In After You Believe, N.T. Wright shares a story that may seem quite familiar to some of us. Note that I have embellished bits of Wright’s story for the context of this article.
The story involves Jenny and Philip, leaders and active members of a Baptist church in Texas. Their church had been without a pastor for some time, but the pastor-search committee called the church to a special town hall meeting. The committee would share a report about bringing a candidate in view of a call. A problem, however, soon developed at the meeting. The congregation learned that night this pastor candidate had been divorced. Jenny and Philip’s church never had worked through such a complex issue in a theologically reflective way, and a heated discussion ensued in the church meeting.
Jenny and Philip came at this issue from vastly different perspectives.
For instance, Jenny adamantly quoted Scripture and interpreted Jesus’ teachings on divorce quite literally. She made a rational, biblically based argument for her viewpoint.
Yet Philip challenged Jenny because it seemed to him she was forgetting about grace. He talked about forgiveness and Jesus’ famous parable of the Prodigal Son. Philip also presented a timely and biblically convicting argument.
However, the conversation soon degraded. Jenny called Philip a “dangerous liberal relativist who doesn’t agree with the Bible,” and Philip called Jenny a “fundamentalist Pharisee.” Soon, the congregation found themselves in a tremendous uproar.
Philip, Jenny and their church seem to have lost their focus on relationally responsible character formation that must occur in a maturing Christian’s congregational life. When we neglect our Christian growth, we often find ourselves devolving either into Jenny’s cold legalism or Philip’s ungracious defense of grace.
Could it be that people like Jenny and Philip could disagree amicably while being focused both on biblical reflection and graceful living? Could their disagreement possibly serve as a catalyst to growth in their church and to improvement in their leadership ability?
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Perhaps we can avoid the unnecessarily bitter conflict Jenny and Philip’s church experience by recognizing three ways in which congregational disagreements may become unamicable.
First, disagreements become enflamed when church members talk “past one another.” Talking past one another means disagreeable parties engage one another in a passive-aggressive way.
For example, notice the hot disagreement in our country regarding health care coverage. Former President Obama and President Trump have made recent speeches on the issue in which they never call each other by name but seem to have implied the other has major character flaws. (See CBS This Morning “Report on Health Care” by Major Garrett, May 8.)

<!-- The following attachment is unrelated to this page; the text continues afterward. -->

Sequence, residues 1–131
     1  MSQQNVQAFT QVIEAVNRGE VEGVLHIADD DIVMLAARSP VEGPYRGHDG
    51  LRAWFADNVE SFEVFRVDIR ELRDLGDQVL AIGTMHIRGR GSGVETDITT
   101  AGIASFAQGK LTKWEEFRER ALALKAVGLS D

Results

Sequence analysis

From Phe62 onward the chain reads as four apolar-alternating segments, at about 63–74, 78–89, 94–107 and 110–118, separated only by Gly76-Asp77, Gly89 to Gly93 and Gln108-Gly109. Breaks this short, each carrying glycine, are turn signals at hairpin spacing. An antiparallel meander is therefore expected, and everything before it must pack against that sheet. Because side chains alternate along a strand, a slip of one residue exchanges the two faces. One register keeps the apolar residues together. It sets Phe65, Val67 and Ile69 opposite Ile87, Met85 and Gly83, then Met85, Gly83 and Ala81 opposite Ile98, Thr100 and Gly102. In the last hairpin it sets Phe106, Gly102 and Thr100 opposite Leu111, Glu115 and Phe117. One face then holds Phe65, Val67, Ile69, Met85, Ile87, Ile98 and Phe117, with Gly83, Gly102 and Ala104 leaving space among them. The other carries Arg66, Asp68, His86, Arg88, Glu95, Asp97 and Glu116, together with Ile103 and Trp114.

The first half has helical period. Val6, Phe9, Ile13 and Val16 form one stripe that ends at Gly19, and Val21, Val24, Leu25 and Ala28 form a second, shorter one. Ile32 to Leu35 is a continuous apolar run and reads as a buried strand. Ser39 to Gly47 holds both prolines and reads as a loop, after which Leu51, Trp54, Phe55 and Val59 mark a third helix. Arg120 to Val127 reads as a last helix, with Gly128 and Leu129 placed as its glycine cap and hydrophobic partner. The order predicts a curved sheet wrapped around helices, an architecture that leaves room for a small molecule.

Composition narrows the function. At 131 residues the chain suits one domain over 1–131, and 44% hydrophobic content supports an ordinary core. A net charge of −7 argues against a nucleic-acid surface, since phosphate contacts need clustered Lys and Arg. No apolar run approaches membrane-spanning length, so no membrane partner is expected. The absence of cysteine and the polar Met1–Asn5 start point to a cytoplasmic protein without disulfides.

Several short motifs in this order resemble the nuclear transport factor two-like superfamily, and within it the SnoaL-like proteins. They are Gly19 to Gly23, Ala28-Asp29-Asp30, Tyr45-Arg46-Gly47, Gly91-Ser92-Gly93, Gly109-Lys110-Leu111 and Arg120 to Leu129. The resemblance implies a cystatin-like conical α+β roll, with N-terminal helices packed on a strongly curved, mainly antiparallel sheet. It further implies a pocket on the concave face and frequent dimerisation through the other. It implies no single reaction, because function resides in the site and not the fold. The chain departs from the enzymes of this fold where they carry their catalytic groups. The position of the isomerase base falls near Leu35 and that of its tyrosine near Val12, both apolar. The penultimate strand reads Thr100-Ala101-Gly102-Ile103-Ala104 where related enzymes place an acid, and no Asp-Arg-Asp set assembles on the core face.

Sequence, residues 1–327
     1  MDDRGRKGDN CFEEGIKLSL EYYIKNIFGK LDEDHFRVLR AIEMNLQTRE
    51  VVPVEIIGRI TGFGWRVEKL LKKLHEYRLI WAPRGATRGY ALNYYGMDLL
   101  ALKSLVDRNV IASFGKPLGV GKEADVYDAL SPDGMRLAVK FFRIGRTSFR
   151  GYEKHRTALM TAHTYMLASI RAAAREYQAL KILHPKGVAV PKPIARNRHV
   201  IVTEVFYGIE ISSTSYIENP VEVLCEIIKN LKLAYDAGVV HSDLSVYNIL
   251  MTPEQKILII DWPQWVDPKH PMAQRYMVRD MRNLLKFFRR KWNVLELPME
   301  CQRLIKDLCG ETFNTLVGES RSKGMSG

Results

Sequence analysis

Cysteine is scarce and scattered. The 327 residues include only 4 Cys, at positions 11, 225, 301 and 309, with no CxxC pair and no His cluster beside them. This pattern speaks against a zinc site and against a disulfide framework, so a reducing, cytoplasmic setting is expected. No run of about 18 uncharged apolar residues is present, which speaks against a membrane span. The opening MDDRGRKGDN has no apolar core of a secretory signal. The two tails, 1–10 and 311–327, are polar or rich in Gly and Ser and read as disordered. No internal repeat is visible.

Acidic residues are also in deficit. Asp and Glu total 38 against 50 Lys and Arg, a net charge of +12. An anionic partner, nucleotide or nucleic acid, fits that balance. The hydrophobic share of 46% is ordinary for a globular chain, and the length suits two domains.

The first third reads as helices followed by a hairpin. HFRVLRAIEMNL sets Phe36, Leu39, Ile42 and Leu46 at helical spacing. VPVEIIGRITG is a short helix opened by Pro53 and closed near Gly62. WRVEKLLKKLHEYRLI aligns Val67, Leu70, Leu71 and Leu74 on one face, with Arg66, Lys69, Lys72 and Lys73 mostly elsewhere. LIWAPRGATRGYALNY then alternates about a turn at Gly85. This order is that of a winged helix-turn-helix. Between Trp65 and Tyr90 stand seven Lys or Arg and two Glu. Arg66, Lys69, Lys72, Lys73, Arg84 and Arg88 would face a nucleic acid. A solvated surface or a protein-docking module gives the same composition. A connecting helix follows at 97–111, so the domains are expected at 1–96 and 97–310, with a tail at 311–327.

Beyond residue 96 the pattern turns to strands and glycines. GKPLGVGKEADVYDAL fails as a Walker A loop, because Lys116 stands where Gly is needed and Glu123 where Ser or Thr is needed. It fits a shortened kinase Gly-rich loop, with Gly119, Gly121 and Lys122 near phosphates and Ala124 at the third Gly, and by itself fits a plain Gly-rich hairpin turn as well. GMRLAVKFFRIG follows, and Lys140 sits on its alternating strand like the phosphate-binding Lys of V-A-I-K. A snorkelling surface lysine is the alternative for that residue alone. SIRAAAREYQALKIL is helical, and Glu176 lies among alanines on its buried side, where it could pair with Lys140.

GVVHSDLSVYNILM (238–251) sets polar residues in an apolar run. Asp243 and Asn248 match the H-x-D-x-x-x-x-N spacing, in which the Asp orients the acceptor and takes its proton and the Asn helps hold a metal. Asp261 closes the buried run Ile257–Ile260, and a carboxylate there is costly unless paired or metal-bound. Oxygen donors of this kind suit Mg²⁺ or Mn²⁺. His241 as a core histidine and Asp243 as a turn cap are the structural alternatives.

Notice also that talking past one another usually includes a method of communicating to a wide audience. Whether through a church town hall or social media, unskilled partisans have a penchant for building fierce collations against the other rather than speaking directly and personally.
Second, unamicable disagreements often include labeling. Jesus, for instance, was labeled as a “drunkard and glutton” because he ministered to the undesirables of his day. T.B. Maston, a formative Christian ethicist for Baptists, would warn us to be careful of committing “libel by label.”
Once we attach names to a certain brood of people, we consequently set up an “us versus them” mentality that severely hampers communication. Tensions rise greatly once labeling is brought into the picture. We may do well at this point to examine the labels we use for those people with whom we disagree.
Third, reactions to misinformation can escalate tensions in an unamicable disagreement.
Jenny and Philip may have done well to listen completely to the other before their heated exchange in front of the church. Perhaps they could have examined the entire body of facts from the pastor-search committee together before launching into tirades. Also, how informative would it have been for Jenny and Philip to meet in person with the pastoral candidate, reserving any judgment on the candidate or the other until such a time as accurate and healthy theological reflection could take place?
Let us therefore further our witness in these times of unamicable disagreements among us. Our churches will grow when the world sees maturing Christians disagreeing but remaining fast and loving friends.
James Hassell is senior pastor of First Baptist Church in San Angelo, Texas.